SAN FRANCISCO (CBS 5) – Coffee culture is known for camped-out customers leisurely sipping elaborate espresso drinks as they web surf, but a San Francisco shop owner is trying to change that dynamic, and bring the focus back to basics.
Owner Jeremy Tooker has taken the unusual step of unplugging Four Barrel Coffee. Wi-Fi has never been offered. Customers looking to plug-in their gadgets will find only a fake outlet stenciled on the wall.
Table turnover is brisk and the menu is as old school as the vinyl albums that crank through the house. Patrons will not find any double half café mocha lattes. Tooker is a coffee purist, so the coffee is simple but delicious. He also wanted a café with an active atmosphere that encouraged lots of conversation.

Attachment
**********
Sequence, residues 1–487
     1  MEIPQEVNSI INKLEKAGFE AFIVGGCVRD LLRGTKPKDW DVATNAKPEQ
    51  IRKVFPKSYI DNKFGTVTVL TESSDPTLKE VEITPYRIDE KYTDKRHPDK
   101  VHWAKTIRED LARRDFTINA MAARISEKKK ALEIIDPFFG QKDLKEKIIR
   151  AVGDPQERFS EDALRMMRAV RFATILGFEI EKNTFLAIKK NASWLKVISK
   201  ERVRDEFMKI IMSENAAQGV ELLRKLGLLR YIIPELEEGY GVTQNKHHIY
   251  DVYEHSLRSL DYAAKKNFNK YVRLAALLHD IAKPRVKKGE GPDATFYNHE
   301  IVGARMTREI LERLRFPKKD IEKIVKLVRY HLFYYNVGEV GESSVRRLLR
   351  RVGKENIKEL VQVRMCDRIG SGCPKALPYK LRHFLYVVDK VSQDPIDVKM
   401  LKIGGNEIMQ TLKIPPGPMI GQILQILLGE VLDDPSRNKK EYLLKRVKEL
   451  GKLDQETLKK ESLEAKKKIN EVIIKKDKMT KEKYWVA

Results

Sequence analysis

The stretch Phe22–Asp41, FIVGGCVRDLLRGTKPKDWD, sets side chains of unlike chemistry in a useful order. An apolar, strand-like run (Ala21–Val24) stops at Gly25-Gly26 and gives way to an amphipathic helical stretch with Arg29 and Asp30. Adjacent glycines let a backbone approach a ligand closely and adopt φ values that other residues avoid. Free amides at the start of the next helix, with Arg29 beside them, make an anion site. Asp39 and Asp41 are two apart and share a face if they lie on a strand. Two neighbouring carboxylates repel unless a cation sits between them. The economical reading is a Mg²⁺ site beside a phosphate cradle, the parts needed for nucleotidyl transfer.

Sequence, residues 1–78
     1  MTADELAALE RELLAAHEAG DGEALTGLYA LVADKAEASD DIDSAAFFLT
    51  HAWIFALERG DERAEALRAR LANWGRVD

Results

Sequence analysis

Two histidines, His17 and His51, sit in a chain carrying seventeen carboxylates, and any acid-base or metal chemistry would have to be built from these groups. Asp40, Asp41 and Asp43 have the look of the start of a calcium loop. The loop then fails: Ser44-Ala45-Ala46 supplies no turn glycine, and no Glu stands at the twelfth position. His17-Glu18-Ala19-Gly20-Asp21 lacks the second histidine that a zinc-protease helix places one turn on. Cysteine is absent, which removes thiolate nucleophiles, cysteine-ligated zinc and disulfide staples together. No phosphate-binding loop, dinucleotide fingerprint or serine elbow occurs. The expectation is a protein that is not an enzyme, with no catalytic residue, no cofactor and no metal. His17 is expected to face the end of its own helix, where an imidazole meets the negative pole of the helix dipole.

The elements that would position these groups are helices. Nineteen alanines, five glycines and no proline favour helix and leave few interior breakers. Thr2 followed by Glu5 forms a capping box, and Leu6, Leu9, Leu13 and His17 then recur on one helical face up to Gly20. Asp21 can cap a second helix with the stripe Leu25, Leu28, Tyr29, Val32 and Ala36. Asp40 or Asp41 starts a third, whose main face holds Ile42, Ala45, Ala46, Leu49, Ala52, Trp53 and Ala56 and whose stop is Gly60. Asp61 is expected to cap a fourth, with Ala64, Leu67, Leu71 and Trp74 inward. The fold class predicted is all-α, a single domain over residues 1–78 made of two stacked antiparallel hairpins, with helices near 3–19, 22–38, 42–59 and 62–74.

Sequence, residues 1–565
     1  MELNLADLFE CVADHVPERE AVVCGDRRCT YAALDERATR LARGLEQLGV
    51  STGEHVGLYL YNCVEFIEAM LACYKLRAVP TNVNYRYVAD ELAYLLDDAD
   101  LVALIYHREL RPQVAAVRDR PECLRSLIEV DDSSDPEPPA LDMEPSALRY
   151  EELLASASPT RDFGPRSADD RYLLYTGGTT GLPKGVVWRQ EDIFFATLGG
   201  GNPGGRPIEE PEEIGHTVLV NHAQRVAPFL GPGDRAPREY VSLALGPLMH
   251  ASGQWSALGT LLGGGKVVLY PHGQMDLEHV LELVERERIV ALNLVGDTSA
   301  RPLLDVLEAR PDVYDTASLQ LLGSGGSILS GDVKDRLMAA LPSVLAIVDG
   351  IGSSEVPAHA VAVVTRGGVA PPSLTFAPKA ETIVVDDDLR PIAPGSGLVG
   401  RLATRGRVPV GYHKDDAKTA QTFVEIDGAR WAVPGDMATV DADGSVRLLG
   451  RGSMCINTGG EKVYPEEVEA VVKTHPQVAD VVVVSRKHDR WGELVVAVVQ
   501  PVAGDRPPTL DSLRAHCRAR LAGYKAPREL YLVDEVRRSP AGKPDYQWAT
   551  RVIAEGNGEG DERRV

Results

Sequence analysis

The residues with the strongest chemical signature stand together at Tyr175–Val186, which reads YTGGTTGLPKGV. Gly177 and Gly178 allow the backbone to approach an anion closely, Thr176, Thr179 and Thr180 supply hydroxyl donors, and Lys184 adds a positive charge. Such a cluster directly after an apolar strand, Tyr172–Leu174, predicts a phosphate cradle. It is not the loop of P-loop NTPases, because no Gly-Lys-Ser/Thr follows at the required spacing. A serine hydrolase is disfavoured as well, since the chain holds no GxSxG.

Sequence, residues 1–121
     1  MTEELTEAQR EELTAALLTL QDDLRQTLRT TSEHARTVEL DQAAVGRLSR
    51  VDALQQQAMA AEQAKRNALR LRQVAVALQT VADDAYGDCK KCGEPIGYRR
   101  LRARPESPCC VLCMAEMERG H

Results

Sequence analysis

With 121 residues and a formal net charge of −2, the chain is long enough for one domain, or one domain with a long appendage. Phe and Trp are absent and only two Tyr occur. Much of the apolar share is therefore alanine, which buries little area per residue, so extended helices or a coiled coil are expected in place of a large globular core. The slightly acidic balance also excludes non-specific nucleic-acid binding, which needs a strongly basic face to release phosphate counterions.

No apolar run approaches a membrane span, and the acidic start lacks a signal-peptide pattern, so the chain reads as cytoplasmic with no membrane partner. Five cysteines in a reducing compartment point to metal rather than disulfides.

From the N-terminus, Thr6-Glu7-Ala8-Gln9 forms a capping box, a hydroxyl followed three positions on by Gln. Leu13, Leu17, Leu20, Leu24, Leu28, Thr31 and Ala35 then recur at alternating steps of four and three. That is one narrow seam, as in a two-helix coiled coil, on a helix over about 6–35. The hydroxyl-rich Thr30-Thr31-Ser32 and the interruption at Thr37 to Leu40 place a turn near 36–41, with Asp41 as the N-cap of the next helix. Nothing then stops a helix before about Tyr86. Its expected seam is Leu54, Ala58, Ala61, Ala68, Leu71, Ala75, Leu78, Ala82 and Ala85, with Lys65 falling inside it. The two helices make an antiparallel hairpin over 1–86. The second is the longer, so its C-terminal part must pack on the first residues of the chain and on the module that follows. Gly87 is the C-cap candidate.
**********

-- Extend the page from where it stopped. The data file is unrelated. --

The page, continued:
“It was designed with that in mind. If you look at the tables, they are narrow. If a couple sits at a table for two they have to talk,” said Tooker. “The chairs aren’t terribly comfortable. That was a conscious decision for turnover. That keeps things interesting.”
In is not secret that people gather daily in cafes everywhere to worship their chosen caffeinated concoction, and to surf, text, read, and write emails. But some café owners feel these customers are not just hogging cyberspace, they are taking up valuable seating space too.
They come, they order and they stay, turning their table into a mini office.
This is a cup of conundrum for owners like Tooker who operate independent cafes in high rent cities like San Francisco and New York. One table and one coffee for hours can equal lost revenue, lots of the lost revenue.
“It’s a very lively product. It’s caffeine. It is supposed to make you social. It is not supposed to make you hide behind a computer and tap away,” he said.
Tooker doesn’t turn away customers who do bring computers and cell phones inside the café. He recognizes that his business model is not for everyone. Other coffee shops in other cities are following his lead.
(Copyright 2011 by CBS San Francisco. All Rights Reserved.)